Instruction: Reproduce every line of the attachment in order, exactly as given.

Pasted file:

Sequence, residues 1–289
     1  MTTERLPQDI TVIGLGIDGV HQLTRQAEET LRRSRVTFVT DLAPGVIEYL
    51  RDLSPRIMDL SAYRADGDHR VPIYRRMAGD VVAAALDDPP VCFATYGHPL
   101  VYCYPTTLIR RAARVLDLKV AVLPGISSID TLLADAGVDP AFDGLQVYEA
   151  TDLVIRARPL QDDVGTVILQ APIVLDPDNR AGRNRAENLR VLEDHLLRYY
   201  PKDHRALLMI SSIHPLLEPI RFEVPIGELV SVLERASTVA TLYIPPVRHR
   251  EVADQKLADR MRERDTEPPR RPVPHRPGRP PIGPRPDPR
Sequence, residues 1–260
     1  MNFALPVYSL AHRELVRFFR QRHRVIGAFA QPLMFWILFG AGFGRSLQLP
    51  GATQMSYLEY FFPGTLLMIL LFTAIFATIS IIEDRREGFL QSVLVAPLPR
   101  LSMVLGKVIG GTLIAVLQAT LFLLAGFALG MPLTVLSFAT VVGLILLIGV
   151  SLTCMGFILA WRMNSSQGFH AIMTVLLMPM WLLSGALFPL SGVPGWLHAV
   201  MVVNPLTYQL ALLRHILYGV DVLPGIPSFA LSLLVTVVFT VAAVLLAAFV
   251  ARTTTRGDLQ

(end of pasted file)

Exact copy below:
Sequence, residues 1–289
     1  MTTERLPQDI TVIGLGIDGV HQLTRQAEET LRRSRVTFVT DLAPGVIEYL
    51  RDLSPRIMDL SAYRADGDHR VPIYRRMAGD VVAAALDDPP VCFATYGHPL
   101  VYCYPTTLIR RAARVLDLKV AVLPGISSID TLLADAGVDP AFDGLQVYEA
   151  TDLVIRARPL QDDVGTVILQ APIVLDPDNR AGRNRAENLR VLEDHLLRYY
   201  PKDHRALLMI SSIHPLLEPI RFEVPIGELV SVLERASTVA TLYIPPVRHR
   251  EVADQKLADR MRERDTEPPR RPVPHRPGRP PIGPRPDPR
Sequence, residues 1–260
     1  MNFALPVYSL AHRELVRFFR QRHRVIGAFA QPLMFWILFG AGFGRSLQLP
    51  GATQMSYLEY FFPGTLLMIL LFTAIFATIS IIEDRREGFL QSVLVAPLPR
   101  LSMVLGKVIG GTLIAVLQAT LFLLAGFALG MPLTVLSFAT VVGLILLIGV
   151  SLTCMGFILA WRMNSSQGFH AIMTVLLMPM WLLSGALFPL SGVPGWLHAV
   201  MVVNPLTYQL ALLRHILYGV DVLPGIPSFA LSLLVTVVFT VAAVLLAAFV
   251  ARTTTRGDLQ